This data was last updated on 27 September 2018.
History: The Nimatullahi Order of Sufism was founded in Iran by Shah Nimatullah Wali at the end of the 14th century. Shah Nimatullah’s message became very popular and attracted disciples from across Iran because it was able to integrate the social and spiritual life of a Sufi practitioner. Shah Nimatullah rejected the seclusion, asceticism, and divisive nature of many Sufi communities at the time and instead encouraged his followers to “embrace lives of constructive occupation” in their jobs, families, and greater society. Spiritual activity within the Order consisted of a combination of dhikr (remembrance of God), self-examination, and meditation. The Order remained primarily in Iran and India for the next six centuries until the appointment of Dr. Javad Nurbakhsh as the Master of the Order in 1953.
Dr. Nurbakhsh was born in Iran, obtained degrees from the University of Tehran and the Sorbonne, and ran the Psychiatry Department at the University of Tehran until retiring in 1977. Dr. Nurbakhsh’s relationship with the Nimatullahi Order began at age 16 when he was initiated. Soon after he became the shaikh (spiritual director) of his local center at 20; he became Master of the Order at age 26, when his spiritual Master and predecessor died. Upon becoming Master, Dr. Nurbakhsh began expansive efforts for the Order on an international level. Since the beginning of his work, Dr. Nurbakhsh has founded over 100 centers in close to 30 countries on 5 continents. After founding its first US centers in New York and San Francisco, the Nimatullahi Order wished to set up a Boston location. After a short search, the Nimatullahi Sufis purchased a building on Pembroke Street in Boston in the late 1970s and the House of Sufism opened by the Master Dr. Javad Nurbakhsh himself. The House of Sufism is considered a non-profit charity organization, which “serves the public, [by] providing a place to practice peace unity, love, and kindness.” Though it recognizes its Islamic roots, it does not promote any institutionalized religion and has always been open to all who are interested in finding the truth through love of God.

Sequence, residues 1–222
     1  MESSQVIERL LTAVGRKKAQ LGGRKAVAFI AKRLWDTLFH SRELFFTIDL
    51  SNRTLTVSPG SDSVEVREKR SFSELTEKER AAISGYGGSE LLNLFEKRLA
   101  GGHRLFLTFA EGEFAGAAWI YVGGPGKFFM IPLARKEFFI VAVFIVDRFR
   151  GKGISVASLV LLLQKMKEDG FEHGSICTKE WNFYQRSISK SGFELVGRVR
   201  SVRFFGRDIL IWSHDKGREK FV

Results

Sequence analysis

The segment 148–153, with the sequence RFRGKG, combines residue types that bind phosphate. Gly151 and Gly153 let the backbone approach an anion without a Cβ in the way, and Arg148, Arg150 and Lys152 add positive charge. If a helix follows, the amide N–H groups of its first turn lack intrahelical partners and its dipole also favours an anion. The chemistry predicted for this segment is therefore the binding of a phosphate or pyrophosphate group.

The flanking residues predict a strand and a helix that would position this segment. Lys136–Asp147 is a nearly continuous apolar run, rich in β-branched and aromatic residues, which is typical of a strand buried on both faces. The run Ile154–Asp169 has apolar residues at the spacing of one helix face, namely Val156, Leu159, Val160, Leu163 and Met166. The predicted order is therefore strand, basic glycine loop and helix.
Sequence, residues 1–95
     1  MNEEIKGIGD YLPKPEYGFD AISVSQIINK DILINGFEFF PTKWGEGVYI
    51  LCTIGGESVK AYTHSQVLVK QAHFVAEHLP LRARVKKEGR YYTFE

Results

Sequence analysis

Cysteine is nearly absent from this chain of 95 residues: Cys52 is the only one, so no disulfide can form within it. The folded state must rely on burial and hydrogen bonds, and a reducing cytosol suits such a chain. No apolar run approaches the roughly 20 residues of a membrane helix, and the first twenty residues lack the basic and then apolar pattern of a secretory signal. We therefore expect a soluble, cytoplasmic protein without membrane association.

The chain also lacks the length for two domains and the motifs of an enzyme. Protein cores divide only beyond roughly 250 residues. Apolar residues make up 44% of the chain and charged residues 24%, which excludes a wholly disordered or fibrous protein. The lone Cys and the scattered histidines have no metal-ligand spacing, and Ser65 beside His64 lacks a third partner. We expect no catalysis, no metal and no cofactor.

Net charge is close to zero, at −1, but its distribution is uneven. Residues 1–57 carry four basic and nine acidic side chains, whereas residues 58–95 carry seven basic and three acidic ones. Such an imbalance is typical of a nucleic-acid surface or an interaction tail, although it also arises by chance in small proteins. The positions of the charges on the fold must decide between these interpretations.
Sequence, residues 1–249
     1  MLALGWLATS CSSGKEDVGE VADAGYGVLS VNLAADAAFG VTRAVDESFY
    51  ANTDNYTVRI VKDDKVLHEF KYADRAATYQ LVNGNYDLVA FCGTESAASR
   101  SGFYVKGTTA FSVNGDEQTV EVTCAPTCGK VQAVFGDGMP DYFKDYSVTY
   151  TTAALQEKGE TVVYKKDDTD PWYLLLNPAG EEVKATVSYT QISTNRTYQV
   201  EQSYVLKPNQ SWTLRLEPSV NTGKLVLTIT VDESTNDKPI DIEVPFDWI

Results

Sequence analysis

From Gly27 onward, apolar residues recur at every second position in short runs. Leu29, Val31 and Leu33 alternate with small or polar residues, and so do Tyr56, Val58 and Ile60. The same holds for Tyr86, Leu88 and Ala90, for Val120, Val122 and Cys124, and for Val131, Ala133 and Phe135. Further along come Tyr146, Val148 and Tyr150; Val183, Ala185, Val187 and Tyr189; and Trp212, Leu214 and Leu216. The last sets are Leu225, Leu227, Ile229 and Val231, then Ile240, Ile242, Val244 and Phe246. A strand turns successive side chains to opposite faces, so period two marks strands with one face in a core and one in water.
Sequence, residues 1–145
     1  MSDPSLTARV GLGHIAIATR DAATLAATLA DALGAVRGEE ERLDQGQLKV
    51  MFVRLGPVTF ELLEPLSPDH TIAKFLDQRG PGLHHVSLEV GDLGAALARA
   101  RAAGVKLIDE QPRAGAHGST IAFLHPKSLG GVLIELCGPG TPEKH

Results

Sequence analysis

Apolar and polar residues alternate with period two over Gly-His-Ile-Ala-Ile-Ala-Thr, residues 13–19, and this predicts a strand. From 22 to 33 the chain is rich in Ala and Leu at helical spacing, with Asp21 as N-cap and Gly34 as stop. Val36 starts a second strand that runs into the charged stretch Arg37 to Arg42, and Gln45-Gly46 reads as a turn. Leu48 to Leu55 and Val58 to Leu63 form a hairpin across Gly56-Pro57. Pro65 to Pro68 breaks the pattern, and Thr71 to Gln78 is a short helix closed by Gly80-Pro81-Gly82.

Description of the Center: The Sufi House, or khanaqah, is located on a quiet street in the South End neighborhood of Boston. It is the end brownstone on the mostly residential street, distinct from the other houses only by a large, blue sign across the front, reading “House of Sufism.” The Nimatullahi Order owns the entire building, which contains a tearoom for reception, a meditation room and residential apartments for members and non-members alike. The tearoom and meditation room are richly decorated with Persian furnishings: rugs, candles, pillows, tapestries, and curtains printed with the Nimatullahi seal of two axes, a begging bowl, and prayer beads.
The seal of the Order is symbolic of a practitioner’s journey of a submission and cutting off of the ego to become closer to God. Adorning the walls are framed poetry by Rumi and other Sufi Masters, brass castings, a painting detailing the spiritual lineage of Nimatullahi Sufi Masters, and photographs of the current Master, Dr. Javad Nurbakhsh. Also inside these meeting spaces are large libraries of CDs and books from Khaniqahi Nimatullahi Publications (KNP), the Order’s publication company, and other donated texts. Alongside KNP books on Sufi practice, psychology, ethics and biography, Dr. Nurbakhsh’s extensive writings, and SUFI, KNP’s quarterly magazine, are books on Zen, Yoga, and western philosophy, reflecting the openness and diverse backgrounds of those attending the House of Sufism.
Leadership: The international Nimatullahi Order is lead by the Dr. Javad Nurbakhsh, who was appointed as Master of the Order in 1953. Dr. Nurbakhsh currently resides in England, but makes trips to visit the Nimatullahi community around the world and has written a large collection of works on Sufism, such as The Path and a sixteen volume set on Sufi symbolism. A pir-i-dalil (spiritual counselor) or shaikh (spiritual director) is appointed at many Sufi Houses of the Nimatullahi Order.